World leaders closed out an annual summit Tuesday by pledging to rebuild Iraq and combat the threat of nuclear weapons in Iran and North Korea.
In a four-page closing statement, the Group of Eight summit countries — the world's seven wealthiest nations and Russia — sought to move past their bitter divisions over the U.S.-led war in Iraq by declaring that they were united in the reconstruction effort.
The statement said the G-8 leaders "share the conviction that the time has now come to build peace and reconstruct Iraq."
"Our shared objective is a fully sovereign, stable and democratic Iraq," the G-8 leaders declared in the final statement, summarized by French President Jacques Chirac, the summit host, at a closing news conference.
The G-8 leaders put Iran and North Korea on notice that they will not stand by and allow them to acquire nuclear weapons, although there were differences between the United States and the other G-8 countries over how far the major powers were willing to go in pressuring Iran.
A senior U.S. official, speaking on condition of anonymity, said the United States reads the leaders' declaration as implicitly authorizing the use of force against countries that violate international nonproliferation norms.
But Chirac called this "a very bold interpretation."
"There never was any talk of using force whatsoever. We have to have a dialogue with Iran," Chirac said at the closing news conference.
A senior member of the Russian delegation told reporters Tuesday that there was general agreement among the leaders during their discussions that Iran "must remove any doubts of its compliance with the (Nuclear Nonproliferation Treaty) by June 16," the next meeting of the International Atomic Energy Agency board of governors.
Russia's aid in Iran's efforts to construct a nuclear power plant has raised concerns in the Bush administration that Iran is pursuing a secret plan to obtain the ability to make nuclear weapons.
On North Korea, the G-8 closing statement said that the leaders supported the efforts being made by countries in the region, including China, to prod North Korea to comply with its past commitments on nuclear nonproliferation.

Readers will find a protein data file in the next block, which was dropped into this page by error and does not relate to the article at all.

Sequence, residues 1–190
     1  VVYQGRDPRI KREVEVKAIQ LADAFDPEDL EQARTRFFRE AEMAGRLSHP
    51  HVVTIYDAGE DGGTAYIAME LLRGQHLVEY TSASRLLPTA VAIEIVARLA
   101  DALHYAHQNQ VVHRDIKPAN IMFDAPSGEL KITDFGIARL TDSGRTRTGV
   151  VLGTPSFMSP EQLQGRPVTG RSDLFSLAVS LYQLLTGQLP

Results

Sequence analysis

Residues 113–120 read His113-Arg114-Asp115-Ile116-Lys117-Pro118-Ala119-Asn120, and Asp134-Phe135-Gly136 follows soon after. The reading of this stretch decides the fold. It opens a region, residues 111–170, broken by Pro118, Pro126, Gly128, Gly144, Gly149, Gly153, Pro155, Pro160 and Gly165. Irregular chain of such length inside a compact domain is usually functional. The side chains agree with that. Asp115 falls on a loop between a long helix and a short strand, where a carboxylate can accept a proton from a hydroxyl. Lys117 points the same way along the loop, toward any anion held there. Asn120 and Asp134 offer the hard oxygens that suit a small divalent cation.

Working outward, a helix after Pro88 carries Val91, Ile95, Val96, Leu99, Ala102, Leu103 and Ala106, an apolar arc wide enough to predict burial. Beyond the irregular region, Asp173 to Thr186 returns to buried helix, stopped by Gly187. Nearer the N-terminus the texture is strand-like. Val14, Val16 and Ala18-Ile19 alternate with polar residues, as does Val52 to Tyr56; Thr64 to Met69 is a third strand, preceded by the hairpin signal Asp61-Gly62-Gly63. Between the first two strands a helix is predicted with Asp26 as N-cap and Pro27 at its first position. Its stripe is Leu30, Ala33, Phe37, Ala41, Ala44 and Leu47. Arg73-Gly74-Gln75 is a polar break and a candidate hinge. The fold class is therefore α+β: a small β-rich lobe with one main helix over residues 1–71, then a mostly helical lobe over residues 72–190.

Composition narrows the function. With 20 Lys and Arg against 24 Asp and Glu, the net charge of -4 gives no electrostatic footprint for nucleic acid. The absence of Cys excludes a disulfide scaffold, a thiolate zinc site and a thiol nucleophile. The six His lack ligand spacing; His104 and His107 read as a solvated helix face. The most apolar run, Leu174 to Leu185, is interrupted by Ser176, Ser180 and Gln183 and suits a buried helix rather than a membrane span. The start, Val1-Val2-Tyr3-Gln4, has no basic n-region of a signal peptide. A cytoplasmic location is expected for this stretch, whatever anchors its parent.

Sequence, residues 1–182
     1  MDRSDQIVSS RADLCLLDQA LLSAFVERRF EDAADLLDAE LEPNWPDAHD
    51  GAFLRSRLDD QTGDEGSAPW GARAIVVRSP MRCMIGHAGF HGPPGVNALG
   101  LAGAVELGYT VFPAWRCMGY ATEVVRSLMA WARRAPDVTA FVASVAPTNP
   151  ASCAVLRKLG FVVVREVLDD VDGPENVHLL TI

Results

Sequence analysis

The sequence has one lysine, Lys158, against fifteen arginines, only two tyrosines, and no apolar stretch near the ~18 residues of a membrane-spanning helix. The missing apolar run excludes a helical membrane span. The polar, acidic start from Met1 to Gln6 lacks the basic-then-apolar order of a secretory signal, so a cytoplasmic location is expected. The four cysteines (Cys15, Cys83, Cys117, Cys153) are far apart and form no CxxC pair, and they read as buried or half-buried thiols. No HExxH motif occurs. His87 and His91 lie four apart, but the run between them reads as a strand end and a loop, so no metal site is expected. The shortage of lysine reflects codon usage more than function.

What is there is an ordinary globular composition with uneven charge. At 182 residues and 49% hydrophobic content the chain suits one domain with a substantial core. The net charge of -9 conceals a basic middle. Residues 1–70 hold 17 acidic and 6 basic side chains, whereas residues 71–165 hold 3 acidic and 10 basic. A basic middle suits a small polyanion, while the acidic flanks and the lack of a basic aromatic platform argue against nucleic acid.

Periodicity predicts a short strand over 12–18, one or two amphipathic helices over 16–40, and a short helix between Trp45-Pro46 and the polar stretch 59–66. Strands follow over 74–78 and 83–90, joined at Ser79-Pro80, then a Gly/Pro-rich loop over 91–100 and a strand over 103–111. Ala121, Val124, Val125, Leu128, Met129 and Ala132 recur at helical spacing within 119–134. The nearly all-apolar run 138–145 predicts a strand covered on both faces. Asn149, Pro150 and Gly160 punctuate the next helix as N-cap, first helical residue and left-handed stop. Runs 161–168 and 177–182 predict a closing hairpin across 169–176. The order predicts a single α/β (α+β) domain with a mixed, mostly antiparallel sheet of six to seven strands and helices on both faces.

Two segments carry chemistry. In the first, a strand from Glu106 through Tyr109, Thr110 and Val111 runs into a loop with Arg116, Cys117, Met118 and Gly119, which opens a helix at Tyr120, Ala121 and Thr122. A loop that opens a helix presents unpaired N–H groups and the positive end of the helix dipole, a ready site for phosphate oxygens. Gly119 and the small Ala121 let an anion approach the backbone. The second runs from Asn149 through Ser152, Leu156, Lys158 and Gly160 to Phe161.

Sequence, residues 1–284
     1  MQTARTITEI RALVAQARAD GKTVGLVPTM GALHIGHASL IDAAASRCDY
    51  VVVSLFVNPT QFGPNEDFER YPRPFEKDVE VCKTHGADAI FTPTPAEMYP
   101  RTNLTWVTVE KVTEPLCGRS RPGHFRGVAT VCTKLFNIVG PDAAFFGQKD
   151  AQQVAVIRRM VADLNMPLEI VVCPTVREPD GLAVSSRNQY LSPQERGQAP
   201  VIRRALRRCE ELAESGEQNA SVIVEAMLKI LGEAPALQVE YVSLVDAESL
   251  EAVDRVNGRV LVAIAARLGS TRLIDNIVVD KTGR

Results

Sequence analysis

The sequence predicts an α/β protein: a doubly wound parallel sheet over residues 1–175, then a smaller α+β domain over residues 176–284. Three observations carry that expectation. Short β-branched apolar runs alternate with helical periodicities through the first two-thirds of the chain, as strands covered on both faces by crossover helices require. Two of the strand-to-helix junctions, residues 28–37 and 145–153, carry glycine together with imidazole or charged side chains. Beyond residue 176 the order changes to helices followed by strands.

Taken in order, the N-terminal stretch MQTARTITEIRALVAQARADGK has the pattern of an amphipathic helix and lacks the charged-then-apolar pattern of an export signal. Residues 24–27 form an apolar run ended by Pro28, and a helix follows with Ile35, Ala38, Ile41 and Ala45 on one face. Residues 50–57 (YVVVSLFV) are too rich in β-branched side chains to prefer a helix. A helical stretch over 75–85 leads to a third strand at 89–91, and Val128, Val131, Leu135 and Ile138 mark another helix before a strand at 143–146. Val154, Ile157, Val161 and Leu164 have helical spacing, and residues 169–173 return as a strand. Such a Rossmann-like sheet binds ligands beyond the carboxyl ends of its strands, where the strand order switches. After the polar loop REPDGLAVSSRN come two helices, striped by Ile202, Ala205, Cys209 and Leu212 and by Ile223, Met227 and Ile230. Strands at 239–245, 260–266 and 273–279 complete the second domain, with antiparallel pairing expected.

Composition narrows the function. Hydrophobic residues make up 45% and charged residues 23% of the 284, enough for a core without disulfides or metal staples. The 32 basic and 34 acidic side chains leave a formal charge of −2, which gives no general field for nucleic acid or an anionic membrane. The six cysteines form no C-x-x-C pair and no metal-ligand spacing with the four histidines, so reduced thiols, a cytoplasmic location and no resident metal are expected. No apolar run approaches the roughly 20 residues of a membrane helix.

The statement closely reflected what the United States has sought on both countries. President Bush was not at the summit when it was released, however. He left early to meet with Mideast leaders in Sharm el-Sheik, Egypt.
The G-8 leaders continued in the final statement the effort they launched on Sunday when the summit began to put the bitter divisions over Iraq behind them and show the world they are prepared to work together not only on reconstructing Iraq but a host of other problems.
German Chancellor Gerhard Schroeder, who, like Chirac, opposed the war, told reporters, "It was clear that the past has not disappeared, but it is behind us."
The G-8 leaders applauded Mr. Bush's new efforts to pursue a "road map" to achieve a lasting Middle East peace. Their statement endorsed including Syria and Lebanon in a "comprehensive peace settlement" for the region and held out the prospect of financial assistance to rebuild the devastated Palestinian economy.
The leaders sought to reassure worried financial markets that they were ready to work cooperatively to give a boost to the sluggish global economy.
"Our economies face many challenges. However, major downside risks have receded and the conditions for a recovery are in place," the final statement declared. "We are confident in the growth potential of our economies."
President Bush had been sitting next to Chirac at G-8 sessions. The leaders shifted their seats to avoid a conspicuously empty chair that would serve as a reminder of Mr. Bush's absence; British Prime Minister Tony Blair took the U.S. seat at the group's final meeting.
The leaders met in the seclusion of a luxury hotel overlooking Lake Geneva, away from tens of thousands of demonstrators massed to express their unhappiness with globalization.
Hundreds of riot police with water cannons battled about 1,000 anti-G-8 protesters at nearby Geneva's main Mont Blanc bridge as a third night of violence shredded the city's peaceful image.
Elsewhere in the city, about an hour across the Swiss-French border from Evian, clashes continued into the wee hours of Tuesday morning. Police used water cannons, rubber bullets and tear gas against a group of several hundred demonstrators on the main road linking the railway station, leaving the normally busy thoroughfare littered with spent canisters and glass.
At least two people were injured. However, the streets in Geneva were quiet on Tuesday.
The demonstrators represent diverse causes. Many are against globalization, but others focus on protection of environment, fears about genetically modified foods, and forgiveness of Third World debt.
The summit's communiqué endorsed the large number of position papers the leaders had issued on Monday, covering everything from plans to keep terrorists from obtaining portable surface-to-air missiles to encouraging poor African countries to continue efforts to reform their economies as a way of attracting more foreign assistance from wealthy nations.
French officials said the wording of the final statement was reached while Mr. Bush was still in town, but the final statement did include a sentence added at the last minute regarding the Kyoto Protocol on curbing emissions of greenhouse gases.
The statement expressed the determination of G-8 countries that have ratified the agreement to see it enter into force. Bush has rejected the protocol.
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